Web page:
Close to a third of adults in Western countries report trouble with sleep. Digital cognitive behavioral therapy may be a treatment solution...
According to some estimates, close to one-third of adults in Western countries regularly experience difficulties with sleep. Additionally, approximately 10% of adults meet DSM-5 diagnostic criteria for insomnia disorder, which is characterized by difficulties falling or staying asleep at least 3 days per week for at least 3 months, along with impairment in daytime functioning or well-being.1 Beyond sleep difficulties and associated daytime complaints, individuals with insomnia are at increased risk of developing mental disorders (eg, depression, anxiety, substance use disorders) and physical health conditions (eg, type 2 diabetes, cardiovascular disease, and hypertension).2-4 It is not surprising, then, that the burden of insomnia is significant and individuals with insomnia report a lower quality of life than their healthy-sleeping counterparts.5
Cognitive behavioral therapy for insomnia (CBT-I; see Table) and medication are 2 approaches to insomnia treatment. Medication is the most widely available treatment, despite CBT-I’s sustained sleep improvements and fewer side effects than pharmacotherapy.5 Decades of research show that CBT-I is effective in a range of populations, including those with psychiatric and medical comorbidities.6,7 Importantly, patients prefer CBT-I to medication for the long-term management of their sleep difficulties.8 As a result, the American Academy of Sleep Medicine, American College of Physicians, British Association for Psychopharmacology, the European Sleep Research Society, and other international bodies recommend CBT-I as first-line therapy for insomnia.5,9-11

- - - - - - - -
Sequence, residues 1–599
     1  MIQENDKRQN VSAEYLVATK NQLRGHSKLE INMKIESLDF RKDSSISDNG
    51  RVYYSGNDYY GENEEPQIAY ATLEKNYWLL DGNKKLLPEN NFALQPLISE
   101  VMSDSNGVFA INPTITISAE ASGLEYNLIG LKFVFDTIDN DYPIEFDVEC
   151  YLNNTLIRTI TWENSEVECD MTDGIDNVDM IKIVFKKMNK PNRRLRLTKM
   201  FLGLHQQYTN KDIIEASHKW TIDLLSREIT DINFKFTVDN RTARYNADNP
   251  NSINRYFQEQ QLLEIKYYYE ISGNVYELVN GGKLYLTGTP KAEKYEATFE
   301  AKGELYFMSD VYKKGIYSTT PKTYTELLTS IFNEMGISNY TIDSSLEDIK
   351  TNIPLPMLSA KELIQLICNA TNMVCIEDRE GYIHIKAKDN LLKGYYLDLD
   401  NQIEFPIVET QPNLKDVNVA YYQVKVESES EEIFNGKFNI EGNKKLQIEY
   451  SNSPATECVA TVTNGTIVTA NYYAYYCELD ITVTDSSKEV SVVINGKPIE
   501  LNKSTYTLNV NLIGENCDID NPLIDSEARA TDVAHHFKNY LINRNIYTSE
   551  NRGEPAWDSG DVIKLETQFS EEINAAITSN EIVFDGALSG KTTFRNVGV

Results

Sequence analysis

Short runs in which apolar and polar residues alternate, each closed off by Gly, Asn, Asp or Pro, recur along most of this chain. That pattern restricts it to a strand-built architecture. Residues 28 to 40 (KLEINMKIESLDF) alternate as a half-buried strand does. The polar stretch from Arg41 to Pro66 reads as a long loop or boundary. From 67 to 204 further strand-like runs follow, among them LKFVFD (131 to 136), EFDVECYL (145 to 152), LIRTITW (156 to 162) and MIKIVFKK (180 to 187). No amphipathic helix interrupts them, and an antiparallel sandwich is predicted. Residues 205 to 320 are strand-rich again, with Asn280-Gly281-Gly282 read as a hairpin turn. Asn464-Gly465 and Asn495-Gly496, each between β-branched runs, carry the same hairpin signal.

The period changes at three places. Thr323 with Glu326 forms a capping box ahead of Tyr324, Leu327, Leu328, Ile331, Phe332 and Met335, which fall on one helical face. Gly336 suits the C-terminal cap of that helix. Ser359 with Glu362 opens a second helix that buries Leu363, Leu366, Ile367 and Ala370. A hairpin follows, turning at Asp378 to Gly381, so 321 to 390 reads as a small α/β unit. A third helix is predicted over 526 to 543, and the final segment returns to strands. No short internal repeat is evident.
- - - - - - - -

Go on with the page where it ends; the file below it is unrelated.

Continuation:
Unfortunately, the need for CBT-I far exceeds the capacity of our health care systems. Colleagues once calculated that the required capacity to extend 3 hours of CBT-I to half of the 50 million individuals who use sleep medication in the United States and United Kingdom would be about 2 million clinicians. This is greater than 10 times the number of licensed psychologists in both countries combined.12 This problem is magnified internationally, given that 88% of sleep specialists are based in the United States, meaning that most countries do not have any sleep specialists to deliver CBT-I.13
This limitation, coupled with other barriers including stigma, a lack of CBT-I awareness among patients and providers, and the perception of insomnia treatment as a low priority, prevents widespread access to this recommended treatment.6 Although telehealth delivery has been proposed as a solution, trained therapists are still required. Involving therapists, however efficiently, is not scalable to meet the volume of need. Therefore, we have an urgent need to raise awareness of CBT-I and develop modes of delivery that are more accessible and easier to disseminate.
The Potential of DTx
Internet- and smartphone-delivered treatments, termed “digital therapeutics” (DTx), are ideally situated to provide a solution for overcoming the dissemination and access barriers. Chiefly, DTx decouple treatment from the requirement to work directly with a mental health care professional. It also makes treatment flexible and scalable, as access to the internet and devices are its only limiting factor (and even that may one day be an obsolete consideration). Plus, many patients with insomnia turn to self-help more readily than to professionals,1 making DTx an ideal access point.